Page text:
When my American counterpart, US Homeland Security Secretary John Kelly, came to Ottawa last Friday, we had a lot to talk about. Between us runs the longest, most open and successful international boundary in the history of the world. Every single day, more than 400,000 people cross back-and-forth between Canada and the United States, as does more than $2.4 billion in two-way trade. Daily! And mostly without a hitch.
We both want a border that is safe and secure, but also efficient and expeditious for legitimate travel and trade. We both recognize the vital importance of consistent, predictable and respectful interactions at the border for people and goods moving in both directions.
One topic I discussed in particular with Secretary Kelly was the influx of asylum seekers coming into Canada by walking across the border at certain irregular locations.
To put these movements in context, there are two entirely separate streams of newcomers who make their way to Canada every year. The regular immigration stream, including sponsored refugees from overseas, is carefully planned and managed in an orderly fashion over the long term.
The other stream—spontaneous asylum seekers—is much smaller and largely unpredictable. These are people who feel they are in danger or at risk, and once they get themselves into Canada by whatever means, they claim asylum in this country for their personal protection. They represent only a fraction of all the newcomers we welcome every year, and do not impinge on the regular system.
Their numbers, while still small overall, have been rising through the past several years and months. The hot spots at the moment for irregular crossings are near Lacolle on the border between Quebec and New York, and near Emerson on the border between Manitoba and North Dakota. We are working now on both sides of the border to determine exactly where these people are coming from, how and why.
But in the meantime, they are indeed coming. That’s the physical reality we have to deal with—according to Canadian law and our international obligations.
The border runs some 9,000 kilometres. There are 117 official Ports of Entry under the jurisdiction of the Canada Border Services Agency (CBSA). Between these Ports, the line is monitored and patrolled by the Royal Canadian Mounted Police (RCMP). No one would seriously suggest building barricades or installing other means to keep people away by force.
The upfront preoccupation of the CBSA and the RCMP is to ensure the safety and security of Canadians, as well as the health and well-being of the asylum seekers who have been putting themselves in dangerous situations in some severe winter weather.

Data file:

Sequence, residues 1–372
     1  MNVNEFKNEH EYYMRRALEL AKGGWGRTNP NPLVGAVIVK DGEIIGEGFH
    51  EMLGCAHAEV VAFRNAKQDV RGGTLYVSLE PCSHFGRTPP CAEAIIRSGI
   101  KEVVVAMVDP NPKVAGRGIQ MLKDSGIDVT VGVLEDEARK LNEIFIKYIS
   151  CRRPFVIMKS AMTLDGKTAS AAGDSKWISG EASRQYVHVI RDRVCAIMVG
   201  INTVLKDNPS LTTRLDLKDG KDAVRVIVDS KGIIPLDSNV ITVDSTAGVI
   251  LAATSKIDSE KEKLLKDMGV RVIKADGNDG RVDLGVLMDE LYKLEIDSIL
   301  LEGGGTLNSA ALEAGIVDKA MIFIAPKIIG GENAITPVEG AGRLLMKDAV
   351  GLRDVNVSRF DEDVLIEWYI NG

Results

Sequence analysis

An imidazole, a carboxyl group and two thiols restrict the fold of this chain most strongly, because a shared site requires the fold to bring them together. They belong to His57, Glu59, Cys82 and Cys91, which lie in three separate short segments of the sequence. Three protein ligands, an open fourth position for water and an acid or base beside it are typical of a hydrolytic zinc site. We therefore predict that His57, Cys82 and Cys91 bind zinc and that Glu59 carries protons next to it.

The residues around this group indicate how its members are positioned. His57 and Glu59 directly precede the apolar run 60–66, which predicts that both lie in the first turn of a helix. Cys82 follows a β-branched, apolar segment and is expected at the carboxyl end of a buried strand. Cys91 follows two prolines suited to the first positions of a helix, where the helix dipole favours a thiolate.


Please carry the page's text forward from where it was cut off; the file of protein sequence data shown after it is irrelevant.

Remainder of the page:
The public can be assured that all Canadian laws are being duly enforced. And according to the United Nations High Commission for Refugees, the behaviour of all Canadian authorities and agencies has been “impressive” and “compassionate”.
To be clear – trying to slip across the border in an irregular manner is not a “free” ticket to Canada. The asylum seekers are apprehended and secured by police or local authorities. Their identities are determined from both biographic and biometric information. Health checks are done. Their records are examined for any immigration, criminal or terrorist flags against both Canadian and international databases.
Those who cannot be identified, are a flight risk or pose a danger to the public can be detained. They all go before the quasi-judicial Immigration and Refugee Board (IRB) to adjudicate their status through due process. If they are found to be inadmissible without a valid claim, deportation procedures are begun.
To handle these matters thus far, CBSA and the RCMP have made internal adjustments to ensure they have the right personnel and tools in the right places to deal with existing circumstance safely and securely. As the situation evolves, these professional organizations will advise as to what extra resources may be required. Contingency planning is underway to anticipate possible future developments and be ready to respond.
Canadian authorities are managing the increased movement of asylum seekers in a sound and measured way, applying our laws and procedures to keep Canadians safe while fully respecting all of this country’s international obligations.
As discussed with Secretary Kelly, both Canada and the United States are committed to sharing information about this situation so we can fully understand these migrant flows, both at and between Ports of Entry. We are also both committed to upholding our strong asylum systems and to humane and professional law enforcement.